Politics

Russia’s war in Ukraine hitting Palestinian refugees



Russia’s war in Ukraine is driving refugees in Syria, Lebanon and Jordan into further poverty.

Among them are Palestinians who are also facing rising food and energy prices, exacerbating already dire conditions.

The UN agency helping Palestinians, known as UNRWA , says the war in Ukraine has also led to severe funding shortfalls in some of its core programmes.

The agency says it has only received 13.5 percent from a total of some $365m [€347m] in additional humanitarian appeal to help Palestinians in Syria, Jordan and Lebanon.

“Their food insecurity is getting worse and worse, you know, almost on a monthly basis,” Prafulla Mishra, deputy director of UNRWA in Syria.

“If you compare it to February 2021, the national average food basket is 71 percent higher,” he said.

He said over 90 percent of Palestinian refugees in Syria live in poverty.

Some Middle East nations rely heavily on wheat and other grains from both Ukraine and Russia.

For example, Lebanon imports almost 60 percent of its wheat from Ukraine. Its main grain silos had also been destroyed following the 2020 explosion at the port in Beirut.

Others, like Syria, rely on Russia but with prices spiking due to the economic fallout of Covid and the war, more and more people are falling below the poverty line.

UNRWA says those most affected are also the most vulnerable, or people like refugees who are already struggling to get by.

Jordan has some 2.3 million Palestinian refugees, followed by 430,000 in Syria and 220,000 in Lebanon.

Conditions prior to the war were already bad in all three, it said, citing the economic impact of Covid and ongoing conflicts.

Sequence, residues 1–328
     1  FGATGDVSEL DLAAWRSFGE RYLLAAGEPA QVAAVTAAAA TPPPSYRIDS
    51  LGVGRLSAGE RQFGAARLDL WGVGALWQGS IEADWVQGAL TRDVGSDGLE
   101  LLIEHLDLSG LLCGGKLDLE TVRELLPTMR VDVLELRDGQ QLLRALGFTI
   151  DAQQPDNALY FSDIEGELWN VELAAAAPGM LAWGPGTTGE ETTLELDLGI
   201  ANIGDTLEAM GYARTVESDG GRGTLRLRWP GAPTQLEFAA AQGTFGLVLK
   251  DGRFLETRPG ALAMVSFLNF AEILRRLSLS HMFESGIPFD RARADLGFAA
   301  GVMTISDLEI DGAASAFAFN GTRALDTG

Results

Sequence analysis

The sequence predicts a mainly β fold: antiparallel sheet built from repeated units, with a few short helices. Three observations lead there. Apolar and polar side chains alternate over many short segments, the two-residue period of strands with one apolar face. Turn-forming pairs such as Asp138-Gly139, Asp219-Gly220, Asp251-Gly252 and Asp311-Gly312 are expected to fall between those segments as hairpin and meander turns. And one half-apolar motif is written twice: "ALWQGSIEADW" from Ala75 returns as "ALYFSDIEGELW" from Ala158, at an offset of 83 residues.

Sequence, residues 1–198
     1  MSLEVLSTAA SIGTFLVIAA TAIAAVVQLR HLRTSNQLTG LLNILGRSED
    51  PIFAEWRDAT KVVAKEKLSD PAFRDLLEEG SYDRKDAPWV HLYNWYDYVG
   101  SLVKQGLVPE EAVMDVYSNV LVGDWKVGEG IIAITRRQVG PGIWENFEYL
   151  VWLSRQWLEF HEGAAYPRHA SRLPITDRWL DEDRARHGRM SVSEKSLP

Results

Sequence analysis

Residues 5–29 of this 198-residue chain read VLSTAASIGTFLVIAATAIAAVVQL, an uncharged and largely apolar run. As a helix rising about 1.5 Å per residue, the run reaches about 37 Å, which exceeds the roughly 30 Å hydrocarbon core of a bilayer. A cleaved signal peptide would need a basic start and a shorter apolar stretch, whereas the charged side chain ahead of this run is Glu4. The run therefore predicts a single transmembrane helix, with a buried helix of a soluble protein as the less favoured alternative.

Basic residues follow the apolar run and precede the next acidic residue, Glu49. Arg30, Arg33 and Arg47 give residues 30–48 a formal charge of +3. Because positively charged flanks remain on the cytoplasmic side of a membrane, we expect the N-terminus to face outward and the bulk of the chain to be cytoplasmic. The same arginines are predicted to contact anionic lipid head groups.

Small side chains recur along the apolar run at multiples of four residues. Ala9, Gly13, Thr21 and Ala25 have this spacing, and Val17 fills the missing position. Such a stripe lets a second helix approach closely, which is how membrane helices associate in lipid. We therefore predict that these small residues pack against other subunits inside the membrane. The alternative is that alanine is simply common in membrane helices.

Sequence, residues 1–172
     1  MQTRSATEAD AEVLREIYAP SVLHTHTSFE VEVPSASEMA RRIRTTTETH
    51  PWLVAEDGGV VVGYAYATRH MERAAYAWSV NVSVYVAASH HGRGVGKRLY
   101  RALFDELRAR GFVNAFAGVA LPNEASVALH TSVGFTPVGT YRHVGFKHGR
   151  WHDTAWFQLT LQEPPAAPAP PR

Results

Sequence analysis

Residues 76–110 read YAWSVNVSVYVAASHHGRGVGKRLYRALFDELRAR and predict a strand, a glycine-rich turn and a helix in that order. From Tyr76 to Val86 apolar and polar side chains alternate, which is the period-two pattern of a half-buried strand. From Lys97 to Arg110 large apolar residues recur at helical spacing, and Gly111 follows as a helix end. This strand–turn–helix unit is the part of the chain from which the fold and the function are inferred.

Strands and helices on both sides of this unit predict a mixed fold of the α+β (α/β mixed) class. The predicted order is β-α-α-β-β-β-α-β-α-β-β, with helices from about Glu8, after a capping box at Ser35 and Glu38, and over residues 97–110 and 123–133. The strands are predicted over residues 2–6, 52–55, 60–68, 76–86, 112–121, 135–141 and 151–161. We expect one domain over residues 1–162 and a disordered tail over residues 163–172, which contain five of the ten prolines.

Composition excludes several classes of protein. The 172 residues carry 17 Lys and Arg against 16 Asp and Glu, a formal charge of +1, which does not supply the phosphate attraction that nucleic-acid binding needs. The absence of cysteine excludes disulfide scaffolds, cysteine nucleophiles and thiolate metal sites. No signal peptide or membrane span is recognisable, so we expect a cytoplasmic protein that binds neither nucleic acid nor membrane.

The price of food has tripled in Lebanon, said UNRWA’s Lebanon director Claudio Cordone.

Jobs are already scarce in Lebanon, where state corruption and impunity have only compounded the misery.

He said those Palestinians that were refugees in Syria and have since settled in Lebanon are among the worst affected. Almost 70 percent have cut their meals, he said.

“We [UNRWA] are more and more their lifeline,” he said.

“The assistance that we provide is not sufficient, but it’s critical for many of them,” he said, noting that some are taking boats to find a better life elsewhere.

Earlier this week, a boat with dozens of people had left Lebanon’s Tripoli towards Italy. At least six people drowned after it was stopped by the Lebanese navy.

“The Palestinians are not yet in large numbers on these boats, but we know that they also try to leave via Turkey,” he said.

Similar observations were made in Jordan.

Although more stable when compared to Lebanon and Syria, the plight of Palestinians also remains dire.

“The situation is deteriorating,” said Jordan’s UNRWA deputy director, Olaf Becker.

Becker said the war in Ukraine has also meant some of the funding geared towards UNRWA has been delayed.

The comments come ahead of a Brussels donor conference for Syria set to take place next month.



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